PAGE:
Many people who are approaching the twilight years of their lives are getting ready to retire. With retirement comes something that many people look forward to: free time. This is free time to rest, travel, spend time with loved ones, etc.—however, that free time can be a bad thing.
Inaction is one of the biggest causes of health problems that older people will face. When they stop working, they often become a lot less active. This can bring about high blood pressure, kidney problems, and Type 2 diabetes, to name a few. It is imperative that retired individuals find something to keep them active, alert, healthy, and excited.
Having a hobby is a great way to relieve stress. When you have something in your life that you enjoy doing, it allows you to forget about the things that may not be as positive. If you can find a good outlet for stress, it is more likely that it will be something you can continue doing and something that you will make a part of your weekly routine.
When you keep up with activities like walking, biking, jogging, and other hobbies involving lots of physical activity, it can help prevent many chronic illnesses like diabetes, heart disease, arthritis, and certain types of cancer. You will be in better physical shape, which can be useful for other activities later. You will feel less tired and more energetic.
Despite having good health and good finances, many people retire with a few years of retirement. A study from Oregon State University found that healthy adults who retired one year after the age of 65 were 11 percent less likely to die from all causes than people who retired at the age of 65. when taking into account socio-economic status, race and current health factors. Research attributes this to retired individuals’ tendency for lack of activity.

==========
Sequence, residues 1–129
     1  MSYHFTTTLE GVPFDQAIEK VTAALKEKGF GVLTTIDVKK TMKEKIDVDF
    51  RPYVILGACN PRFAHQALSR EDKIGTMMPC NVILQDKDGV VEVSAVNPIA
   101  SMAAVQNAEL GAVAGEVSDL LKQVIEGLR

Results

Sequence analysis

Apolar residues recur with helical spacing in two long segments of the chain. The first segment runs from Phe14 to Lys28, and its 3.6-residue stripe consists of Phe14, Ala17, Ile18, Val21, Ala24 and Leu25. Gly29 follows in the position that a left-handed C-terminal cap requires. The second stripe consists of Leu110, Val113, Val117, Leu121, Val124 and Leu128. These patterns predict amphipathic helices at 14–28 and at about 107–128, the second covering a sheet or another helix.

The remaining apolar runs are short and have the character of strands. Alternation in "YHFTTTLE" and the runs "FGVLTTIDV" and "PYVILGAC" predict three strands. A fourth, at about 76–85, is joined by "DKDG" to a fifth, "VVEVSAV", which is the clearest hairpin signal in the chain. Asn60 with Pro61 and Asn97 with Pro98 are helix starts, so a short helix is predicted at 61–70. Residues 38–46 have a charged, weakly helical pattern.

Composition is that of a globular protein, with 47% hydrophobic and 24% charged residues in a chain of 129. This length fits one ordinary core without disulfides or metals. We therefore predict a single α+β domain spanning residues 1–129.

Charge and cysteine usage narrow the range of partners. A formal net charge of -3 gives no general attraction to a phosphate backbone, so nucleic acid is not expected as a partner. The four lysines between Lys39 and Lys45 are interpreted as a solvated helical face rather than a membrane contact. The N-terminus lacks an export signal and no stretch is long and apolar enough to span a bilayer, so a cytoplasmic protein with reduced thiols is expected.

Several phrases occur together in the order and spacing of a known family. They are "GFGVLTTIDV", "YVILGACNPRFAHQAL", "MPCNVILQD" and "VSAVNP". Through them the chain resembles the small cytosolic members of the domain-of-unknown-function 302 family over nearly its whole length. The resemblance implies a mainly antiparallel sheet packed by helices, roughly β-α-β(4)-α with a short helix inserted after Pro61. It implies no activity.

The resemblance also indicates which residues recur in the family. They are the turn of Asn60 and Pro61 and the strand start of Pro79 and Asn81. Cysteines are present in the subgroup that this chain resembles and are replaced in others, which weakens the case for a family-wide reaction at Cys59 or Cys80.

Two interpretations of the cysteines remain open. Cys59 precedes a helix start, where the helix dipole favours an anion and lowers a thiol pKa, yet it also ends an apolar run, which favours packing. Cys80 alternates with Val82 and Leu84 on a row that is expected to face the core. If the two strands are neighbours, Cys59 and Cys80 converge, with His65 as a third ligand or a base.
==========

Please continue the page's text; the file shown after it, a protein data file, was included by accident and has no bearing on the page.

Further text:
Retirement for most people also comes with the phrase “fixed income”. While this is usually enough for people to live comfortably, it often doesn’t account for unexpected costs, such as car repair, home repair, or medical bills. When these types of things occur, they can be very difficult for individuals living on a fixed income. However, let’s say that your hobby was baking cakes or fishing or some other potentially lucrative activity, that you enjoy doing. That extra bit of money, no matter how small, could potentially make a world of difference.
Change is never easy, but it can be especially difficult on individuals who have been doing the same thing for more than 30 years. Knowing what will come next can help to alleviate a lot of the emotional burden that can often accompany retirement.